When Ultrasound Is Not Your Friend

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Nurses Edition Commentary

Lisa Chavez, RN and Kathy Garvin, RN
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Patrick B. -

POCUS is not getting much love on this chapter, and while the discussion provided makes sense, I don't think POCUS got a fair shake. Particularly since there was a 4x increase in survival with pocus for asystole & PEA patients here:

https://www.sciencedirect.com/science/article/pii/S0300957216304786

Cheers. Great episode, point taken on minimizing hands off time.

Dharmesh S. -

At our shop we use mechanical CPR (LUCAS). During ongoing chest compressions, the POC US person tries to find a cardiac window around the LUCAS suction cup on the chest. Usually some variant of parasternal long view is possible scanning just above the suction cup. The cardiac views during chest compressions are usually indeterminate to assess for motion, but enough to rule out pericardial tamponade. At pulse check, we take a 4 sec clip while another person is palpating the femoral artery. Loud countdown of 10 to 1 is spoken out, and at 0 LUCAS restarts if there is no pulse.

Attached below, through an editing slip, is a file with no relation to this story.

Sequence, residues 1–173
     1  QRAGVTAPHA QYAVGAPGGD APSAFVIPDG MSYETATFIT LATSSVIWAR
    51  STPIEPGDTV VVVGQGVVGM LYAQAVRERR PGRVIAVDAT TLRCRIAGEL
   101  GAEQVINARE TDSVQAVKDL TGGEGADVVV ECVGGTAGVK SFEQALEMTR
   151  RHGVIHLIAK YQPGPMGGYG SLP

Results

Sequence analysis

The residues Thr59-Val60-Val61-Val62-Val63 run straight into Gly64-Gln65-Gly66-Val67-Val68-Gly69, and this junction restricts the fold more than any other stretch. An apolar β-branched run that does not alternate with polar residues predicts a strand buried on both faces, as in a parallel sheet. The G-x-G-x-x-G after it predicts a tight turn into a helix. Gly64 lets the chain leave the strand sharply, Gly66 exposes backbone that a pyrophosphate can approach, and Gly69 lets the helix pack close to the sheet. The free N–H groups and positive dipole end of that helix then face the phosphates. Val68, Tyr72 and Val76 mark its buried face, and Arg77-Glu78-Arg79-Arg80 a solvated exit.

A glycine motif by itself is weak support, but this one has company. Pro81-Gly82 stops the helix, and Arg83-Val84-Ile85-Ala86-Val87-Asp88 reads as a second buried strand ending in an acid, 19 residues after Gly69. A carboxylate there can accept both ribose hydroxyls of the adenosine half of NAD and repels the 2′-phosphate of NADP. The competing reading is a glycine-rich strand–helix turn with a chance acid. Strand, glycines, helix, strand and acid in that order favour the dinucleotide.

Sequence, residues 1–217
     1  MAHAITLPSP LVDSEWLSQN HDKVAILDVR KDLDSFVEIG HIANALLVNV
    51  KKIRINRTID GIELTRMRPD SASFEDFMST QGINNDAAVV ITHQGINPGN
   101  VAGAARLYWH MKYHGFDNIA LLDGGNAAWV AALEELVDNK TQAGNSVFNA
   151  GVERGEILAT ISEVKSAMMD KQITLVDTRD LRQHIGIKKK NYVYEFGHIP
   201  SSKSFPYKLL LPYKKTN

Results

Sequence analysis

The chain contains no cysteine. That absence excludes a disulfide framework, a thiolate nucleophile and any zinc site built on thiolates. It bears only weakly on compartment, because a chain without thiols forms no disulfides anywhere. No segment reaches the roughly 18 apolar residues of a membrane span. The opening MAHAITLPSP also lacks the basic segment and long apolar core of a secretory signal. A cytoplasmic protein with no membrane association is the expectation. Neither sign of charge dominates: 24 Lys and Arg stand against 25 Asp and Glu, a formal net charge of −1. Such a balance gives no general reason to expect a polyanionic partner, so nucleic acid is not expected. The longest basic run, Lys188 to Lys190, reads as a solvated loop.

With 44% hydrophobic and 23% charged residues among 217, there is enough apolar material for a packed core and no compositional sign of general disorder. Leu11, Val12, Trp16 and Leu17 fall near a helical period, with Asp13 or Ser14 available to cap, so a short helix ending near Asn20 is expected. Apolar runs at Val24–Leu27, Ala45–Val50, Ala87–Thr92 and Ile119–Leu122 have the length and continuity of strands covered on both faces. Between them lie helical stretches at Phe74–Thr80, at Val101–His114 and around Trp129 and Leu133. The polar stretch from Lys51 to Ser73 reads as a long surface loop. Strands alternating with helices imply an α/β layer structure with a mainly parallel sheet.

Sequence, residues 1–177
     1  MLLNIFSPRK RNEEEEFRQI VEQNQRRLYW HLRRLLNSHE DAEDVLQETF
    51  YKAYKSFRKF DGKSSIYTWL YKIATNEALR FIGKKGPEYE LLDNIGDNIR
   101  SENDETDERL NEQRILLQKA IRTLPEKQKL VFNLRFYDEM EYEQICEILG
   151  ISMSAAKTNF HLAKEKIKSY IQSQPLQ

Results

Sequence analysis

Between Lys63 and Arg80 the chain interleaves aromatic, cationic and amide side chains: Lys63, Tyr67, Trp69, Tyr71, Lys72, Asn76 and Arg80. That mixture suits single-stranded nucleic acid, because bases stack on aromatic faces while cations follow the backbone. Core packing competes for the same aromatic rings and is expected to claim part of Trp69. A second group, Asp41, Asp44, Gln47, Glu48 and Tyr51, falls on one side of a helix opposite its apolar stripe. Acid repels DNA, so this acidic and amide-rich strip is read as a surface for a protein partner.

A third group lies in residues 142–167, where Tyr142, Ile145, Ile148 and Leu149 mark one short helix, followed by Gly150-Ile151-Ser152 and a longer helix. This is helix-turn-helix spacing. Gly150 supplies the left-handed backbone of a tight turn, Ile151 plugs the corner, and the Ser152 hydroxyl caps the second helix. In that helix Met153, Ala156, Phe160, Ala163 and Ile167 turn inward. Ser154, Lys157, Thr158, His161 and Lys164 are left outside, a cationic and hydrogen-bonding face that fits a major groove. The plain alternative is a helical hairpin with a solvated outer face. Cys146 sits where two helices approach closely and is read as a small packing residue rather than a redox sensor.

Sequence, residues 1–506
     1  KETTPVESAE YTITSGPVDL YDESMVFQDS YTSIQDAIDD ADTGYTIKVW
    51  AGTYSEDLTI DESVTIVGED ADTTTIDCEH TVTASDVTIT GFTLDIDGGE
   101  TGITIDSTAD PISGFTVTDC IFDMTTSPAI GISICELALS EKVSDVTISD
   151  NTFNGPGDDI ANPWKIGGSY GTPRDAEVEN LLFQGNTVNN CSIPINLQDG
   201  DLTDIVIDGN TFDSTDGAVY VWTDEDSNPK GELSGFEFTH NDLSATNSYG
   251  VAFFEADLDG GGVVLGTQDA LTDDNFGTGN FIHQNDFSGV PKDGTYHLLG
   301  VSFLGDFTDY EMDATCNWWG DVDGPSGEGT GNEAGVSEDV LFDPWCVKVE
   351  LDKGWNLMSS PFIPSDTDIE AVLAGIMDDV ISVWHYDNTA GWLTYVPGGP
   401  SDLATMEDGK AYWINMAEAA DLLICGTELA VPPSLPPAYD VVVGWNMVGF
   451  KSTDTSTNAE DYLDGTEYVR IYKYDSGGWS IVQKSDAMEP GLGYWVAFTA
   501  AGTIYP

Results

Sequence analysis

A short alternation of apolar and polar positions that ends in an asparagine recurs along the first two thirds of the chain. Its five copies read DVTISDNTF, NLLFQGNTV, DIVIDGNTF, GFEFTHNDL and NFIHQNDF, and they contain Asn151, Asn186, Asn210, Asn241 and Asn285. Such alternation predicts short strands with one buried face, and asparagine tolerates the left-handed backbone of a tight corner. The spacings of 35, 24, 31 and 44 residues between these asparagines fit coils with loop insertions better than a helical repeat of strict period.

We believe we are doing a better job than without POCUS in PEA arrests:
- usually the POCUS person shouts out "no pump" within 5 sec if no cardiac movement - so our duration of pulse check is actually lesser than without POCUS.
- we have had patients in whom we discovered hugely dilated right ventricle and survived due to thrombolytic given during CPR
- we also have had unexpected cardiac tamponade patients who survived due to POCUS allowing timely diagnosis and decompression

I think Reed's points may apply when manual as opposed to mechanical CPR is being performed.
However I think his views are too extreme, and it is simply not possible to assess for reversible causes of PEA arrest without ultrasound (and blood gas). Even with manual CPR, every PEA patient should get at least 1 assessment with POCUS, since the best quality of chest compressions will not result in relief of cardiac tamponade or lysis of a massive pulmonary embolus.

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